GHB shortly after entering the body. GHB is otherwise known as the ‘date rape’ drug.

4


GBL is a liquid used in products like paint strippers and stain removers; it is colourless, oily,

doesn’t smell very strong and tastes slightly salty. A teaspoon or a capful is a normal dose

although the strength of GHB varies so it can be very difficult for people to know how much

they’re taking.

The effects start within an hour and can last up to seven hours. It produces feelings of

euphoria, reduces inhibitions and makes users feel sleepy. The drug has been known to cause

nausea, reduced heart rate, drowsiness, coma, hypothermia, seizures, unconsciousness and

death. Like GBH, it is particularly dangerous when used with depressants (eg alcohol)

or sedatives.

GBL is now an illegal Class C drug under the 1971 Act with possession and supply limited

where they are intended for human consumption. GHB is a Class C drug also; it’s illegal to

have, give away or sell. It is also illegal to supply for human consumption under medicines

legislation.

Possession can lead to two years in jail and/or an unlimited fine. Supplying someone else with

GHB, even friends, can lead up to 14 years in jail and/or an unlimited fine.

5


The Sexual Offences Act 2003 states that it is an offence to administer a substance to a

person with intent to overpower that person to enable sexual activity with them. Therefore, if

GBL (and GHB) are linked to drug assisted sexual assault, it is punishable by up to 10 years

imprisonment.

BZP / Benzylpiperazine

BZP is also known as Party Pills, Fast Lane,

Silver Bullet, Smiley’s, Happy Pills and beans

pep or pep love.

BZP pills are sometimes sold as "ecstasy" and

may come as a tablet, capsule or an off-white

powder.

The drug is a derivative of piperazine, which is used as an anti-helminthic drug as an antiworming

agent for farm animals, though BZP is not used in this way and is an anti-depressant.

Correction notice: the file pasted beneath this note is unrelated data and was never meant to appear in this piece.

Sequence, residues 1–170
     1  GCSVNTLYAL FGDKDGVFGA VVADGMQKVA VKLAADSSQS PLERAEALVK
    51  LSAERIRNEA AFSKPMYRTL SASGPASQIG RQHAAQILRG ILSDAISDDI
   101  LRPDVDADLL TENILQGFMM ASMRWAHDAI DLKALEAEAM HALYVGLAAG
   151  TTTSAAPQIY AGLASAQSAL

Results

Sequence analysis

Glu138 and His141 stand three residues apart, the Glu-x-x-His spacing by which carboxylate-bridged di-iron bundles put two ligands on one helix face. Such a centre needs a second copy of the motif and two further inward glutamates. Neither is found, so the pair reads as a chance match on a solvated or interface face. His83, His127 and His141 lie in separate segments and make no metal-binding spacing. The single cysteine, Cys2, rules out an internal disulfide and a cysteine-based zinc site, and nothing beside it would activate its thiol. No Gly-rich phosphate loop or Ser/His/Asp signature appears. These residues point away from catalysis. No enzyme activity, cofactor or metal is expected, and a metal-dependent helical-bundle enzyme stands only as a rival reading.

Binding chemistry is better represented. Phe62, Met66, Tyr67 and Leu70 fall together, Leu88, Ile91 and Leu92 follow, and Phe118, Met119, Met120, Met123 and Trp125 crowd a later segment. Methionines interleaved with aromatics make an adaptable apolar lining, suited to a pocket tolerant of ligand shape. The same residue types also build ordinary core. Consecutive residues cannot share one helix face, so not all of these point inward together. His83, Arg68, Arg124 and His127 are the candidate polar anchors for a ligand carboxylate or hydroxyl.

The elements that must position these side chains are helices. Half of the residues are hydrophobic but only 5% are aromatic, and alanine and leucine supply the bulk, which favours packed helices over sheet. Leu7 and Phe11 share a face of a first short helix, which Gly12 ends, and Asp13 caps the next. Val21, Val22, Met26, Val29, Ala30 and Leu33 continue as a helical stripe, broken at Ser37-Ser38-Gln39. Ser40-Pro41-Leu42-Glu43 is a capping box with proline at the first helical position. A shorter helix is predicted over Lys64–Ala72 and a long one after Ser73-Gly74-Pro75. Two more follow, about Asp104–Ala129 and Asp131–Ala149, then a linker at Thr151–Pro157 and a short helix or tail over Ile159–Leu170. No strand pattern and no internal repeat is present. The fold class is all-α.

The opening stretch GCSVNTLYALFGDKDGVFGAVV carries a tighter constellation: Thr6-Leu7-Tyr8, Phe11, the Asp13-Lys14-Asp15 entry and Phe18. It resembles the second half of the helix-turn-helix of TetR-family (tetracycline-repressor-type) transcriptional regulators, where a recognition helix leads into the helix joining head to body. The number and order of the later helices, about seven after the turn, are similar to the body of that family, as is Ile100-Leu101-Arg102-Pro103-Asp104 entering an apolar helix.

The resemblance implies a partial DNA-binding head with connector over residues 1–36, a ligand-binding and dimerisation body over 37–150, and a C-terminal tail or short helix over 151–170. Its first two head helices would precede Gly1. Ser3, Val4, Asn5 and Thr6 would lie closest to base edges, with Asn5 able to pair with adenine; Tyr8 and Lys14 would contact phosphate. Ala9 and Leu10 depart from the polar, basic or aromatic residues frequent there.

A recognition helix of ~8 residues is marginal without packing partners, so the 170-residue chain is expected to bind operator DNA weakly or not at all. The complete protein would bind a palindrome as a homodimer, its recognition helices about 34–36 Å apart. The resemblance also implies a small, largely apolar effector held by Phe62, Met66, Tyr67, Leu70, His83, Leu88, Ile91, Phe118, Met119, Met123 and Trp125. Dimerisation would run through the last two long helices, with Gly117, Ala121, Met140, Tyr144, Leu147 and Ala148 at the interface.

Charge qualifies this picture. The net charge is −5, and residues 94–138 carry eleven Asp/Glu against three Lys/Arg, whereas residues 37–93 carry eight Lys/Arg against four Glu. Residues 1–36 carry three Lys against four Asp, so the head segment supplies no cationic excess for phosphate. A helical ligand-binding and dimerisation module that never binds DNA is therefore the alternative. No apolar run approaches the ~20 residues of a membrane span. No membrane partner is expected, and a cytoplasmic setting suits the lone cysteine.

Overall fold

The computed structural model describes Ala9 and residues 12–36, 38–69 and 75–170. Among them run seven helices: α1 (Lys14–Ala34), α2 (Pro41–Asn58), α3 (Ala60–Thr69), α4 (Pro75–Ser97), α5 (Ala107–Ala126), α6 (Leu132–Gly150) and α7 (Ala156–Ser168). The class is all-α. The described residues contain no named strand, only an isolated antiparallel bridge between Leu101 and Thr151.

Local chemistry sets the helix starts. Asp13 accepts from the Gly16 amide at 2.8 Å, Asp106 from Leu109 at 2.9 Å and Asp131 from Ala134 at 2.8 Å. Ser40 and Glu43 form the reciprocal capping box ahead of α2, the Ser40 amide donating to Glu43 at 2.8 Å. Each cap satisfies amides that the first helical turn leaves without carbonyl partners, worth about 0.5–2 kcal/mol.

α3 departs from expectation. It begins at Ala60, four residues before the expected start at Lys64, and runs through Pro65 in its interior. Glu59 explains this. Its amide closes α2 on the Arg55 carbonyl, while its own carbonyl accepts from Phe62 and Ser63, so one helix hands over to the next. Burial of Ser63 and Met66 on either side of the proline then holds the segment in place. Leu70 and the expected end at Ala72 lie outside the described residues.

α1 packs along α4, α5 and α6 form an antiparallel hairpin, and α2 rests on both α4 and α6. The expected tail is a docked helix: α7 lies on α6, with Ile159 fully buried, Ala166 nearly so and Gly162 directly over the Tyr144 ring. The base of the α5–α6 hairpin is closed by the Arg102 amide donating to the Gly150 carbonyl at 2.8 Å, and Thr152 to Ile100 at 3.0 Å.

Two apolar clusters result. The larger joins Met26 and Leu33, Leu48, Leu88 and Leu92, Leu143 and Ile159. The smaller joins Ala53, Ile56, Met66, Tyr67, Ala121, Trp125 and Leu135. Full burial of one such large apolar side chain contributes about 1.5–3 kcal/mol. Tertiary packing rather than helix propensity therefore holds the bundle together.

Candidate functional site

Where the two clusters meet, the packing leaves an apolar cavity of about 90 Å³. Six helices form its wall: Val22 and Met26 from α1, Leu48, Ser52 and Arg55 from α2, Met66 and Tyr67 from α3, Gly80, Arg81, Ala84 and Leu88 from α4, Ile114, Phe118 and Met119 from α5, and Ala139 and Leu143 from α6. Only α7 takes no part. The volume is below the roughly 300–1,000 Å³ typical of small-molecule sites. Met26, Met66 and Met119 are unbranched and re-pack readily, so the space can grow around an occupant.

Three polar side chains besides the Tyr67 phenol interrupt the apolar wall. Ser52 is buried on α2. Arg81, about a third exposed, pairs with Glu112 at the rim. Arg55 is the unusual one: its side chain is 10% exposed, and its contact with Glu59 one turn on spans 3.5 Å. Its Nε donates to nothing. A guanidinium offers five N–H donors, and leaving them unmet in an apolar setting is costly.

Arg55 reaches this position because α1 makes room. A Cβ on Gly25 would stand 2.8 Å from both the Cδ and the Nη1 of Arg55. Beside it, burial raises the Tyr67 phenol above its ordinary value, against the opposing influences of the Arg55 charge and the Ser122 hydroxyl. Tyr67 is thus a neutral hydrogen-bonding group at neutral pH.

Users report effects as similar to, though less potent as, amphetamines.

Effects can last between 6 and 8 hours depending on the dose. BZP can cause decreased

appetite and insomnia. The next day, some users may feel headachy and tired, though at

present there are few reliable reports fully detailing possible adverse side effects.

BZP and related compounds (such as mCPP, TFMPP and others) are now illegal Class C drugs

with possession and supply offences under the 1971 Act. Human consumption of BZP was

6


also included in medicines legislation by the UK Medicines and Healthcare products Regulatory

Agency in March 2007.

Synthetic cannabinoids

There are a number of brand names, though

the most common is Spice (and of which

there a number of other types, eg Spice

Egypt, Spice Diamond etc).

Synthetic Cannabinoids agonists (drugs which mimic actions of naturally occurring substances

to provoke chemical reactions in the body) are herbal, cannabis-free mixes of tobacco and

various “inert” plant ingredients, which have synthetic cannabinoids sprayed onto them.

Synthetic cannabinoids mimic the psychoactive effects of Tetrahydrocannabinol (THC), the

chemical in cannabis which gets people ‘high’.

Due to the cannabis-like effect legislation was instigated as mixes of cannabinoids may pose a

serious health risk. Though there is little direct evidence about their harms, the Advisory

Council on the Misuse of Drugs (ACMD) conclude that it is very likely that these synthetic

cannabinoids will produce harmful effects similar to those associated with THC. The ACMD

also advise that the substances containing the synthetic cannabinoids have the potential to be

more harmful than cannabis due to their method of manufacture and that the compounds

present and their quantity (and hence potency) is unknown to the user.

7


Synthetic cannabinoids were made illegal under the 1971 Act as Class B drugs (same category

and rationale as cannabis classification) with possession and supply offences under the 1971

Act. The 1971 Act has used a generic definition of synthetic cannabinoids to future-proof